We should not be surprised by that. It has been the technique of tyrants and dictators down the ages. It was used by the white minority in South Africa to justify apartheid with a twisted piece of historical fiction. To this day you will find the same manipulation of history by Catholic and Protestant in Northern Ireland, by Jew and Arab in Israel, by settler and Aborigine in Australia and so on and so on.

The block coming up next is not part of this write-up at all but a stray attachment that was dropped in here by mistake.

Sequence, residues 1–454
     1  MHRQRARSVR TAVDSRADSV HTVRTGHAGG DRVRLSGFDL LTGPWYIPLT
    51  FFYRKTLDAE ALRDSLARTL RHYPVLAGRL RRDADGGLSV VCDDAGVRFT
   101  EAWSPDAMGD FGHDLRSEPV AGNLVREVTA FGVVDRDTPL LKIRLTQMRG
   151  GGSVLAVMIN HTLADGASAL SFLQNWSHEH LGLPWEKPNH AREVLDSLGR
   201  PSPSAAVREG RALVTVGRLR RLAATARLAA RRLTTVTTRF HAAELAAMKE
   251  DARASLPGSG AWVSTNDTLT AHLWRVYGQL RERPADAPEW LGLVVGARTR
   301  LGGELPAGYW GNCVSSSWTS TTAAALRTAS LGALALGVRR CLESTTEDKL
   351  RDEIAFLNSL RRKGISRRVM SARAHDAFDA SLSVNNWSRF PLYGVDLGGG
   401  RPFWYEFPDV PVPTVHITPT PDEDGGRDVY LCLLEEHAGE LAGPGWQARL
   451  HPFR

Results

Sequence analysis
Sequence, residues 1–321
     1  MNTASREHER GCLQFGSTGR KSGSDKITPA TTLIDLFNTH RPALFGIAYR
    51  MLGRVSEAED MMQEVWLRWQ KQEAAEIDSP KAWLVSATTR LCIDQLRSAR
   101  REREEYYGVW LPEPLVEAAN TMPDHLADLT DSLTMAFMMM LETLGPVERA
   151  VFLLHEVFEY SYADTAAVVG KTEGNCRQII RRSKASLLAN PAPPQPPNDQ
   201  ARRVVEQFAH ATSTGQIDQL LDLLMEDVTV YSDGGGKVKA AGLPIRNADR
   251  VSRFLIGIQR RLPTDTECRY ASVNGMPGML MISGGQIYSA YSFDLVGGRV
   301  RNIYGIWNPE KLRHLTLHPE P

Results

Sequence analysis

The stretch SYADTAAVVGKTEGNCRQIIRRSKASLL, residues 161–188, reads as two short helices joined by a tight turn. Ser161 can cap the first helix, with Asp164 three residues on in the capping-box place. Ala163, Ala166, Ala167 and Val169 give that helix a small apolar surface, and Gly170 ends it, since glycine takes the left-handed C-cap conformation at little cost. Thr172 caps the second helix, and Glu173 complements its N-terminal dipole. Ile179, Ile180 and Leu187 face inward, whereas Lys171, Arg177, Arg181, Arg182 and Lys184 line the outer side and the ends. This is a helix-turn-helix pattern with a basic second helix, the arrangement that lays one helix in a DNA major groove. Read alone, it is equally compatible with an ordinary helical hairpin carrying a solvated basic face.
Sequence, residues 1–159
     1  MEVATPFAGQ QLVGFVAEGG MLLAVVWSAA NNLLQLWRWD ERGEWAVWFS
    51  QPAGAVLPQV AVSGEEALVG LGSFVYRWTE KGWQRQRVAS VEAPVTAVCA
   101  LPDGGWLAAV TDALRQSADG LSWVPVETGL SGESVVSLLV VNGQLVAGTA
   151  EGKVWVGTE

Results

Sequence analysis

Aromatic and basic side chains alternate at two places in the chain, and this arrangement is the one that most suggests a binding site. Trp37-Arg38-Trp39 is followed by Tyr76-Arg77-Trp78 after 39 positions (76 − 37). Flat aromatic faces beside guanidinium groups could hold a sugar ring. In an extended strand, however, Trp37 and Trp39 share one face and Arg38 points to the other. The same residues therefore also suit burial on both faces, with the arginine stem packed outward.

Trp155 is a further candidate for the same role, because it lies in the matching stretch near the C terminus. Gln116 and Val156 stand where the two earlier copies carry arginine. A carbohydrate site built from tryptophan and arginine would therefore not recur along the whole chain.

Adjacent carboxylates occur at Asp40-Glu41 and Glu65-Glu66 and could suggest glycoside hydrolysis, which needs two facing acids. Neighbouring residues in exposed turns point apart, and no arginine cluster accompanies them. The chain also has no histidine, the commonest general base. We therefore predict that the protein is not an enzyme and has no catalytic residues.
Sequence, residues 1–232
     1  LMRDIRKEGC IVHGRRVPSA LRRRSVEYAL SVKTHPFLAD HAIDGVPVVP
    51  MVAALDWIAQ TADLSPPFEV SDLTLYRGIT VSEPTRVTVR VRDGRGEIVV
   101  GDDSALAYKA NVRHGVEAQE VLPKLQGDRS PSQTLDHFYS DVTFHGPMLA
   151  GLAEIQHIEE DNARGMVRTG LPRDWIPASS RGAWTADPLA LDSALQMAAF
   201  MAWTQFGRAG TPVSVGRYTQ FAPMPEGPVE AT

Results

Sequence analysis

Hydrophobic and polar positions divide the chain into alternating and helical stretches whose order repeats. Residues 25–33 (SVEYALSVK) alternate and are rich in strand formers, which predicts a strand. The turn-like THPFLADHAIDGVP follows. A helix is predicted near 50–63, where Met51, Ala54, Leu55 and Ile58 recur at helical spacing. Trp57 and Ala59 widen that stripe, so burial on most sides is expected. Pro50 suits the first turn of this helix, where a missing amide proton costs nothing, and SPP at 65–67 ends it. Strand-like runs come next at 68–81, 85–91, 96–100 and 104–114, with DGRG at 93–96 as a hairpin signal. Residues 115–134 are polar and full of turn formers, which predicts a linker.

In the Old Testament, the story of Israel’s bondage in Egypt and subsequent journey to the Promised Land was so important that it was told over and over again, from father to son, generation after generation. And in the New Testament the story of human captivity to sin and our redemption by Jesus Christ on the Cross was so important that that story – the greatest story ever told – was proclaimed over and over again. That’s why I tremble that now we are not hearing the stories any more, but are even beginning to dismiss them as irrelevant and somehow not “politically correct”. When the essential stories of our island race and – far more importantly – the essential stories of our salvation history, can no longer be told because a group of self-appointed thought-police have decreed them to be politically incorrect, then we have to be very much on our guard lest the tyranny against which this nation fought in 1940 creeps in by the back door. We must remember, in order to be renewed and re-inspired by the stories which are our foundation history. Of course it is not enough just to hear the stories of battles past. There are greater stories still to be heard in this church, Sunday by Sunday. You need to hear, time and again, the story of how God made us and loves us, keeps us and redeems us. But the fact that you are here this evening should give us all heart. In 1940 our freedom to hear any of the stories of our nation or our salvation was in peril. That freedom has been preserved for us by the few. We, the many, must remember. And be thankful.